MoD spending on equipment must be realistic, say MPs

Computer generated image of a Queen Elizabeth class aircraft carrier The committee said the costs of the new class of aircraft carriers had already risen by £2.8bn

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The Ministry of Defence may be "over-optimistic" about how much its military equipment budget is under control, an influential group of MPs has said.

The Public Accounts Committee said the MoD was still only able to say its budget was "broadly in balance".

It warned that public spending cuts may make planned increases in the equipment budget from 2015 "unrealistic".

Defence Secretary Philip Hammond said the government had embarked on a "radical" programme of reform.

The committee said the estimated cost of the 15 largest defence projects rose by £466m in 2010-11.

'Expenditure gap'

The MoD's budget situation comes despite the 2010 strategic defence and security review and two further cost-saving exercises, the committee said.

But there were signs of improvement in the equipment programme, it added.

Start Quote

Much of the cost increase over the last decade has been down to the fact that the estimates for large programmes significantly underestimated the real cost.”

End Quote Margaret Hodge Committee chairman and Labour MP

The committee said: "It is unacceptable that the department still cannot identify the extent of the current gap between resources and expenditure.

"The department is basing its current 10-year equipment plan on Treasury planning assumptions that are now likely to prove over-optimistic.

"The department was told at the time of the Comprehensive Spending Review settlement that it could expect 1% real terms equipment budget increases from 2015.

"It is planning its budget on this basis, but in the light of current economic conditions that assumption may be unrealistic."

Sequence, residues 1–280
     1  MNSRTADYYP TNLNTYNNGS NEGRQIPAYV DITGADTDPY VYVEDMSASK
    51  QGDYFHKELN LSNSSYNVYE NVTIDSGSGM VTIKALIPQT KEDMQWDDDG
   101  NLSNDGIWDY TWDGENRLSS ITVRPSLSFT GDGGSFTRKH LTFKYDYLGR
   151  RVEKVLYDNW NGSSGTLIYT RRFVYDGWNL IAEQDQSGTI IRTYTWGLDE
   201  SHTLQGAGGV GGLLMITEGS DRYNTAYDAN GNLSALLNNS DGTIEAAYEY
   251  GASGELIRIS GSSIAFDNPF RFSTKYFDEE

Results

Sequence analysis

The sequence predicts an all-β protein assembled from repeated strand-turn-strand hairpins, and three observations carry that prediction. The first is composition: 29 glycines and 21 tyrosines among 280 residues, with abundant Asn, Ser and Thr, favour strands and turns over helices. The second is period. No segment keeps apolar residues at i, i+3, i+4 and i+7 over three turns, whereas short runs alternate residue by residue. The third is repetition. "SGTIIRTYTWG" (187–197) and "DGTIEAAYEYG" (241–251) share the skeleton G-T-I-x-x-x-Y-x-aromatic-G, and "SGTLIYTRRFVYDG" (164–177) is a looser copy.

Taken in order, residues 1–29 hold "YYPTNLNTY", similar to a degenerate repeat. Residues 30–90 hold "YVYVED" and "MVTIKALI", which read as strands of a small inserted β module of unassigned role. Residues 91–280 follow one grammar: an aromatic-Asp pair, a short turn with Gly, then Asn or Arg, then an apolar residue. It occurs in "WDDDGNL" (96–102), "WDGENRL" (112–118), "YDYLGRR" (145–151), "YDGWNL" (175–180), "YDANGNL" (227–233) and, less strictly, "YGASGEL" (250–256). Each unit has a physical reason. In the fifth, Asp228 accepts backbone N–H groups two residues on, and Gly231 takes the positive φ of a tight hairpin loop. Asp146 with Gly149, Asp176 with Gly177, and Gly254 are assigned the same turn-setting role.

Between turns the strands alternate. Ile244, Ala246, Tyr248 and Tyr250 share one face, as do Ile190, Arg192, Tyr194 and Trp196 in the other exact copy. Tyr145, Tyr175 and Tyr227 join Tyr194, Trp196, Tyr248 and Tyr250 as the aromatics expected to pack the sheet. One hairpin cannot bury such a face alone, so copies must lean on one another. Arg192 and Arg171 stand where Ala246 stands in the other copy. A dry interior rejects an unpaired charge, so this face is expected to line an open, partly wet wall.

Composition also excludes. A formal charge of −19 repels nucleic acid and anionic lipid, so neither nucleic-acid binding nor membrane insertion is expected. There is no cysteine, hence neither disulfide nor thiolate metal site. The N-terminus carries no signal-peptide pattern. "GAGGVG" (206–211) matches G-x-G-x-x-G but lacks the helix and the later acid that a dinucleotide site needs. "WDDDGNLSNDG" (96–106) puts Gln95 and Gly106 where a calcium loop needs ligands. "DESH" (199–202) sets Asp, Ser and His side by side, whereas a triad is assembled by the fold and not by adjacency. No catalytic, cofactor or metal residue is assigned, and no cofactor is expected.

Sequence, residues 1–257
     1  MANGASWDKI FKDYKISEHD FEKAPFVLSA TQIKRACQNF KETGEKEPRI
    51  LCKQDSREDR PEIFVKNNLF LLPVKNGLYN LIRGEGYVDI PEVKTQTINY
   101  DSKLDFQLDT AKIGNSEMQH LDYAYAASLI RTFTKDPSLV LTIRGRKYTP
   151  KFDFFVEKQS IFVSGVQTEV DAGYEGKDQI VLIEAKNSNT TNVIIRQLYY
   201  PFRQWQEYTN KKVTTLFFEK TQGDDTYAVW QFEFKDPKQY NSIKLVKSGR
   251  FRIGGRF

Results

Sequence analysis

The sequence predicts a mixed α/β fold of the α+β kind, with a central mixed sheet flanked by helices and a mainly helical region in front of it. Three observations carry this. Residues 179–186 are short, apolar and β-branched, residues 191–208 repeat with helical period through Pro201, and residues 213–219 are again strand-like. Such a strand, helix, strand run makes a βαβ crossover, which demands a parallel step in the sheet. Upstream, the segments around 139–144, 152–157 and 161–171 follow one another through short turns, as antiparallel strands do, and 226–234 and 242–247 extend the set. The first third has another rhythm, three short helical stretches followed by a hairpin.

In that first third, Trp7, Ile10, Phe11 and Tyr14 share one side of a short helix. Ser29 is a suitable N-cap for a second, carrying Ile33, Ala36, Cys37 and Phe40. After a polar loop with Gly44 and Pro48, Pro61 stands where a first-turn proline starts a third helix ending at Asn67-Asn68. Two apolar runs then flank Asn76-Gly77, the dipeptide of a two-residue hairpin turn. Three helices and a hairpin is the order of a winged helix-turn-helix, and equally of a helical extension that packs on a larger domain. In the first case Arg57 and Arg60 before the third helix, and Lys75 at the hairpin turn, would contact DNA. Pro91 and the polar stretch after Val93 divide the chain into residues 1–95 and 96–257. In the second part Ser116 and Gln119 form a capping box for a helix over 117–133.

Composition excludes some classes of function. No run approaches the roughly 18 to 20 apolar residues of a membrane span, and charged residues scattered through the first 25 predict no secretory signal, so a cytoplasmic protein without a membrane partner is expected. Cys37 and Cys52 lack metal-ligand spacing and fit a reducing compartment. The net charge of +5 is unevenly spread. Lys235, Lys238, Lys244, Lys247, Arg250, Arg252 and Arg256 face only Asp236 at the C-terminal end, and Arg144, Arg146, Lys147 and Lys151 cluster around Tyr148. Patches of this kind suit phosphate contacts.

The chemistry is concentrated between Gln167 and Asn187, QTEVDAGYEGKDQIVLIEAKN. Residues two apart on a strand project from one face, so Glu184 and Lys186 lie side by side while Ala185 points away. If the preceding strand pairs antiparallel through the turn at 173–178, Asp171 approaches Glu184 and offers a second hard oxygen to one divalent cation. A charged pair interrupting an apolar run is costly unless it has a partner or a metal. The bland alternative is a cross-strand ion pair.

Schemes cancelled

The total cost of the 15 largest projects had increased by £6.1bn to £60bn since they were individually given the go-ahead, an 11.4% rise.

These projects are forecast to be completed a total of just under 27 years late, an average of more than a year and nine months each.

The MPs acknowledged there had been generally lower cost increases and fewer technical problems on more recent projects.

But it said decisions to cancel or delay schemes and to cut equipment numbers had added significant costs.

Citing examples of cost increases, the committee said:

  • The Astute submarines had been delayed, leading to increased costs of £1.9bn
  • Cancelling the Nimrod at such a late stage after repeated delays had wasted £3.4bn, with no new capability being added
  • The forecast cost of the Queen Elizabeth aircraft carriers had so far risen by £2.8bn since they were first approved in 2008

The committee chairman, Labour MP Margaret Hodge, said: "Much of the cost increase over the last decade has been down to the fact that the estimates for large programmes significantly underestimated the real cost.

Start Quote

Scrapping the ill-fated Nimrod MRA4 was one of many tough but necessary decisions we had to take to deal with an equipment programme that was out of control”

End Quote Philip Hammond Defence Secretary

"Rather than the over-optimism which has held sway at the start of major projects, what is needed is realism - about the complexities of projects, the long-term costs of decisions taken today and the implications down the line of short-term budget cuts."

Mr Hammond said the government was "close to eliminating the black hole in the MoD's finances" and was soon to set out an "affordable, deliverable programme".

"This will see us invest more than £150bn in the right equipment for our armed forces while achieving value for money for UK taxpayers."

He blamed the financial situation on the past Labour-led government and said: "The overall increase this year was seven times lower than Labour's last year in office, which saw a cost increase of over £3.3bn."

He added: "Scrapping the ill-fated Nimrod MRA4 was one of many tough but necessary decisions we had to take to deal with an equipment programme that was out of control.

"The aircraft were more than eight years late, almost £800m over budget, and the unit cost of each aircraft had soared by 200%, with no guarantee they would ever be fit to fly.

"The Astute programme is now on a much firmer footing with the first boat in service and the second due to leave Barrow soon."

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